Chopsticks and folding fans are some of the most common items visitors to Japan take home as souvenirs. While these may be nice gifts why not take something home that is a bit more original, a washi paper product. Washi is handmade paper that is typically made from the fibers of domestic bushes such as the paper mulberry bush.
The designs printed on washi are often quite intricate and the paper itself is surprisingly tough and usually stronger than paper made from normal wood pulp. Washi is used in a variety of items, all of which would make a nice gift for friends or self, including goods like kites and woodblock prints. There are even some items of clothing made from washi.
Washi production is often done near a river as it requires a large quantity of very cold water. The icy water prevents the growth of bacteria that causes decomposition of the wood fibers. To make washi the bush’s branches are boiled and the bark is stripped from them before boiling them in lye to remove the starch. Once the boiling process is completed the fibers are beached then beaten into a pulp. The balls of pulp are placed into a vat containing water and the sticky liquid derived from the tororo plants.
Once the pulp is thoroughly mixed the paper maker dips a finely meshed screen into the vat until the surface of the screen is covered with a thin layer of pulp. The sheets of washi are then lifted from the vat and placed one on top of the other in a pile. The liquid from the tororo plant keeps the sheets of washi from sticking together in this pile. Once a sufficient number of sheets of paper have been lifted from the vat the paper maker carefully lifts the sheets off one by one and placed on a dryer to complete the washi making process.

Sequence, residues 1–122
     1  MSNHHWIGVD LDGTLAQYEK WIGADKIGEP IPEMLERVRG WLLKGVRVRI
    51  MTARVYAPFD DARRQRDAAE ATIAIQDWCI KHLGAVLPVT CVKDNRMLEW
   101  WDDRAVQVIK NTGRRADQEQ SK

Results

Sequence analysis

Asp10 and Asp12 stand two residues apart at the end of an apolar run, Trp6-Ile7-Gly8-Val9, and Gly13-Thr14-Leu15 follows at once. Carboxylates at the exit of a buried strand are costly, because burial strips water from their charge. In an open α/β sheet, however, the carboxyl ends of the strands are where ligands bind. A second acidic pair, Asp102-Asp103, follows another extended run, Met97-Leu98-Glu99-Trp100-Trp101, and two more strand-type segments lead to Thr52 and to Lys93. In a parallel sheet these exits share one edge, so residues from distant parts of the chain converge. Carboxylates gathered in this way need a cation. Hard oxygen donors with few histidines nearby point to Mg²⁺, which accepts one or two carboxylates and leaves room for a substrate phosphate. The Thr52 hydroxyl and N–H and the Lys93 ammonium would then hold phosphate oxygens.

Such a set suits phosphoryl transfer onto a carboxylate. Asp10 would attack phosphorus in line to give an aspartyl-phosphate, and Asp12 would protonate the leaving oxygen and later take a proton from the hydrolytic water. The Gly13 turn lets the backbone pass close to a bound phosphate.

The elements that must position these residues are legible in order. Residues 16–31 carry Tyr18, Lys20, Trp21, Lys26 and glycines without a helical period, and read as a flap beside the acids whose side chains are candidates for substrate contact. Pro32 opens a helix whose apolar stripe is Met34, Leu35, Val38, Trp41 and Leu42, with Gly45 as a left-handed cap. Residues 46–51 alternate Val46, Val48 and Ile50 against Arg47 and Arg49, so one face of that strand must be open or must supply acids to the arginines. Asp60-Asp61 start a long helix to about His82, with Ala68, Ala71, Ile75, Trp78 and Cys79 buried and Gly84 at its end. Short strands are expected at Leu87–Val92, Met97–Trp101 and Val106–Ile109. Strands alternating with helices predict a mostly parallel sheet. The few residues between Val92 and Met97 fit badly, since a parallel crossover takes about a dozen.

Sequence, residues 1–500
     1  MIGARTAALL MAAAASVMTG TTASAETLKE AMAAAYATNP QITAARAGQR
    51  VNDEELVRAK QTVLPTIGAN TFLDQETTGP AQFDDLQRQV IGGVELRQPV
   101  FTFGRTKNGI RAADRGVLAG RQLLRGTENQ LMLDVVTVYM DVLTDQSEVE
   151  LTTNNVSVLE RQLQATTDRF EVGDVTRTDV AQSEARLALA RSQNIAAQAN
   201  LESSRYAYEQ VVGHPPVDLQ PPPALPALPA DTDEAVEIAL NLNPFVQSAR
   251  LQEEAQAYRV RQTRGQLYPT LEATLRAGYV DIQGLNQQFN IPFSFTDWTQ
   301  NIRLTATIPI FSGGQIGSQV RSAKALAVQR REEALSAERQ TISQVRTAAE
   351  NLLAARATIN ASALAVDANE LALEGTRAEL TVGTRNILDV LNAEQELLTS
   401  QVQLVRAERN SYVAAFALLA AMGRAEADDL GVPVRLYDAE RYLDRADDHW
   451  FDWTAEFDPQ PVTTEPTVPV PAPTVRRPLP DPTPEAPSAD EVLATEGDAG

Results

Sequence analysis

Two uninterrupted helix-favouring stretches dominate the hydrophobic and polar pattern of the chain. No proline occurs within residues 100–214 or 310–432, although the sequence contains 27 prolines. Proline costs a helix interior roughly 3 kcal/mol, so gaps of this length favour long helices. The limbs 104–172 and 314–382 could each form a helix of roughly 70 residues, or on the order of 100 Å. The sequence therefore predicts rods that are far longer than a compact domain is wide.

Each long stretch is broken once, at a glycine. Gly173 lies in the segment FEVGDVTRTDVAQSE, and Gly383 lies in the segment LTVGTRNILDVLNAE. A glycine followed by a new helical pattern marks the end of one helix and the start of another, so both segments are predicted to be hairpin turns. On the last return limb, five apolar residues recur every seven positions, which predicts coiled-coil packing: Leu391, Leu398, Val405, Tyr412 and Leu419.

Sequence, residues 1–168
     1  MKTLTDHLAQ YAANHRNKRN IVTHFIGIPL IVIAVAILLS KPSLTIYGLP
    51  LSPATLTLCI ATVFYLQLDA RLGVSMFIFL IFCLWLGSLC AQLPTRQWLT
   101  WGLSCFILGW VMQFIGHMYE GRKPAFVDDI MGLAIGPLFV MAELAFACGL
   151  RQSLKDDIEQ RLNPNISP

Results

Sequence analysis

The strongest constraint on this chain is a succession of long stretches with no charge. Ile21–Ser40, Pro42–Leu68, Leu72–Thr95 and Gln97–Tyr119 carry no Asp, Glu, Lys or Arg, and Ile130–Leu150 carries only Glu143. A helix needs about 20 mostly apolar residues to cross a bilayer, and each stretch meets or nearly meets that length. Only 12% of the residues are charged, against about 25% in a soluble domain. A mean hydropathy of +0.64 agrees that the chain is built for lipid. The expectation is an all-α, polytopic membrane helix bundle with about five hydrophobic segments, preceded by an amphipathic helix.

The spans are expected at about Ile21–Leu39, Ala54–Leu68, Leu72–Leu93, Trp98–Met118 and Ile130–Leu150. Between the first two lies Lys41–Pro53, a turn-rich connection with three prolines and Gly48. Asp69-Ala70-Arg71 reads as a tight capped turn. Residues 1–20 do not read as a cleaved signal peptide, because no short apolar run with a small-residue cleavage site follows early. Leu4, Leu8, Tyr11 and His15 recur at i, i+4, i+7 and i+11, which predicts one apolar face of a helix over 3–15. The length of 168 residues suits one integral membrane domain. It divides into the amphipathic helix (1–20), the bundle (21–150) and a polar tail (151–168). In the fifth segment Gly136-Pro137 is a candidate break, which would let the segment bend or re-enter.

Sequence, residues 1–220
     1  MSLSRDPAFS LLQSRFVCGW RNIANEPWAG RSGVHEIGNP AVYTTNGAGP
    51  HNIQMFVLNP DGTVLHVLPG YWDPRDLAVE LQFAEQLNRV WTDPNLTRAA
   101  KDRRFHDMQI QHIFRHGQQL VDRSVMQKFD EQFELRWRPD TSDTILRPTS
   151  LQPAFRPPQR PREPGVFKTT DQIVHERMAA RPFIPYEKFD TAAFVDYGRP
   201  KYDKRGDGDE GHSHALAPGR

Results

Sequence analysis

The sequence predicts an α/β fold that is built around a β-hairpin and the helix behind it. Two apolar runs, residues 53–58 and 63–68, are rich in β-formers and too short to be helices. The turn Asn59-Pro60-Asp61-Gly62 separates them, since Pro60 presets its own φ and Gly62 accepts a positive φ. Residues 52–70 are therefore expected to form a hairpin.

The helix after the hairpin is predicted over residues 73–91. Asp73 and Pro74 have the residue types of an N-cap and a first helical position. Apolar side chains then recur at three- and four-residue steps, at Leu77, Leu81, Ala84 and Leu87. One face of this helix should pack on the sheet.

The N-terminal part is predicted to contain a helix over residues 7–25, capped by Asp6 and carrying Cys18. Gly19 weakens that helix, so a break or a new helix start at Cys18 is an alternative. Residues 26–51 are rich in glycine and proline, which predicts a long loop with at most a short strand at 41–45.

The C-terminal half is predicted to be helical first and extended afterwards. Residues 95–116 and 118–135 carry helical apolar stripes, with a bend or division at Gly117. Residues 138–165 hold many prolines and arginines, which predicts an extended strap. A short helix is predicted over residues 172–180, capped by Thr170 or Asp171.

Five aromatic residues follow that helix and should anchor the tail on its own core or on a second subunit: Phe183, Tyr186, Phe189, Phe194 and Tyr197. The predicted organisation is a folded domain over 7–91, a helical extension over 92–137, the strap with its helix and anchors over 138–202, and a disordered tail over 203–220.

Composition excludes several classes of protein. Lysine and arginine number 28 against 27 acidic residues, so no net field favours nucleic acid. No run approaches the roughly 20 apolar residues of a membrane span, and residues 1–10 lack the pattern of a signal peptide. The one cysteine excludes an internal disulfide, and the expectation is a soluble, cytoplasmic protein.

There are places visitors can go to see the complete washi making process. One of these places is Washi-no-Sato (washi village) in Higashichichibu in Saitama. They have an English website for information and directions. (http://www.sainokunikanko.jp/eng/experience/053.html)
You can buy readymade washi products such as framed artwork, furoshiki (large wrapping cloths), letter sets, or just sheets of beautiful paper for decoration or gift wrapping at shops in Tokyo and other cities around Japan. One such shop is Isetatsu near Sendagi subway station. URL: www.isetatsu.com. Tokyo Hands, with branches around Tokyo, also sells some washi products.
Washi is light, easy to pack, and most any washi product would make a nice gift or reminder of Japan.